Sparkplug Coffee: Selling the Perfect Cup

psegura    July 8, 2015

Organisation Name:  Sparkplug Coffee



Web References:


Industry:  Food and Beverages


Name of Contacts:  Kara Isert, Founder


Web References: Facebook, Twitter, Wikipedia

Clang clang clang.  Clang clang clang.  It’s Saturday morning.  My boyfriend is standing in our kitchen tousled and in pajamas, engaged in his weekend ritual.  The components of his prized Italian espresso maker are gleaming and clean, carefully laid out on a dish towel to dry.  The clanging is the sound of a coffee scoop rattling around in the coffee can he’s shaking.  “I’m almost out of coffee,” he says.  There’s an edge to his voice – running out of the beans he likes is well, a bit of an annoyance.  But no need to run to the grocery store or corner coffee shop to restock.    Later that morning, he places an order for espresso on  In a couple of days, a package of  beans, fragrant and custom ground will appear in our mailbox.

Sparkplug Coffee is relatively new on the coffee scene, Founder Kara Isert set up her online shop about a year ago.  But with coffee beans, grounds, pods and instant available in every grocery store and coffee shop in the country, the coffee business is competitive. Retail sales  generate almost a billion dollars in revenue in Canada alone.  But Kara was not discouraged. She decided she could offer coffee lovers what retailers could not:   fresh, top-quality coffee guaranteed to make the perfect home brew every time.  “Sparkplug is about the bean, not the drink.”  And for Kara, the internet is the best way to reach at home coffee drinkers.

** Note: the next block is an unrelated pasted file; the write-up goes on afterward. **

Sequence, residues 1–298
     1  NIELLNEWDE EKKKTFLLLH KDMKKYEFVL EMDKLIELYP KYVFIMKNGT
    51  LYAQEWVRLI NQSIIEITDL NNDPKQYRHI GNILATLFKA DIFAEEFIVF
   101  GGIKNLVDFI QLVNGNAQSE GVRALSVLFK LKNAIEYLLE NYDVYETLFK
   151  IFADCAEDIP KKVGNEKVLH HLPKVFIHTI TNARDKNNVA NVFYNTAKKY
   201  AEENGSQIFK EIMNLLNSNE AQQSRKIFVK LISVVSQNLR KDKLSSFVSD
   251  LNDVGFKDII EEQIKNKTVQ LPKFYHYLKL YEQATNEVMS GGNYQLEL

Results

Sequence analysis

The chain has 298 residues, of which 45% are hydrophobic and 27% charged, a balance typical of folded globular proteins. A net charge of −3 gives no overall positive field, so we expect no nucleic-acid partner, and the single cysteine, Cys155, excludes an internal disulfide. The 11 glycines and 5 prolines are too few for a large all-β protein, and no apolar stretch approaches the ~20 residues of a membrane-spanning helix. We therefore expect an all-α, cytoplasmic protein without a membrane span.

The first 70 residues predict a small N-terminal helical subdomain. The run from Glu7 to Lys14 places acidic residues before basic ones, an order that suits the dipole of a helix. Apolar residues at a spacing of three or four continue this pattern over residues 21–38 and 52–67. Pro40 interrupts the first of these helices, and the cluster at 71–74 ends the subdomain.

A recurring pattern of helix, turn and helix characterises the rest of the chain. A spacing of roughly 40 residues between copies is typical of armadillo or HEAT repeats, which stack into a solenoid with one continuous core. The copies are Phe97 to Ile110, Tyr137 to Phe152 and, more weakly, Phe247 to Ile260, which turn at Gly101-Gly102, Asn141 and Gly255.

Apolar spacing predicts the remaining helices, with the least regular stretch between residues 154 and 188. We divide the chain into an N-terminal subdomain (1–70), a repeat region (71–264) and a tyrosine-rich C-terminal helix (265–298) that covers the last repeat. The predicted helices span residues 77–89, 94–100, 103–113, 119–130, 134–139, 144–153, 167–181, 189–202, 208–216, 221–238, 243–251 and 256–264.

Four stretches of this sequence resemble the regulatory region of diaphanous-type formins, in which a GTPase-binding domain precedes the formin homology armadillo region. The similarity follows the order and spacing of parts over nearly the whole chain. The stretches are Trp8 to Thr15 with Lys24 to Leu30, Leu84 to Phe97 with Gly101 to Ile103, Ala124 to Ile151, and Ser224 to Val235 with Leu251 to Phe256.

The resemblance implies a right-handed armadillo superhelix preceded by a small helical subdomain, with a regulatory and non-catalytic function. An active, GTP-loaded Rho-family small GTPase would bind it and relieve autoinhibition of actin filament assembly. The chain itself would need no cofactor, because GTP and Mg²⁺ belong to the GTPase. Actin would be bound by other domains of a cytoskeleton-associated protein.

Because Sparkplug is new, Kara has been putting most of her social media efforts into establishing  the brand — and she’s not afraid to experiment.  With the help of longtime friend and Content Strategist June Macdonald, Kara has come up with some fun and innovative marketing campaigns that are sure to get her company noticed.


© Sparkplug Coffee

Most of Kara’s customers are consumers, but she also sells coffee to a select number of companies.  After providing coffee to staff and clients at Fuss Hair Studio  in Toronto’s Leslieville neighbourhood, Kara created a special “Fuss Blend” for home use.    The coffee was an instant hit and she received twenty orders without any promotion.  Excited by the interest and happy to be in partnership with a brand she respects, Kara decided to take things one step further by creating a campaign to benefit the Toronto Humane Society.  Here’s Kara with the details:

You wouldn’t automatically associate coffee with a hair studio and an animal charity, but June Macdonald points out that partnerships between companies that would not have gotten together in the past is something she’s seeing more often.  “This is a win-win-win for Kara.  She will get some of the halo effect,”  June points out. “But campaigns like these are really about establishing the brand.”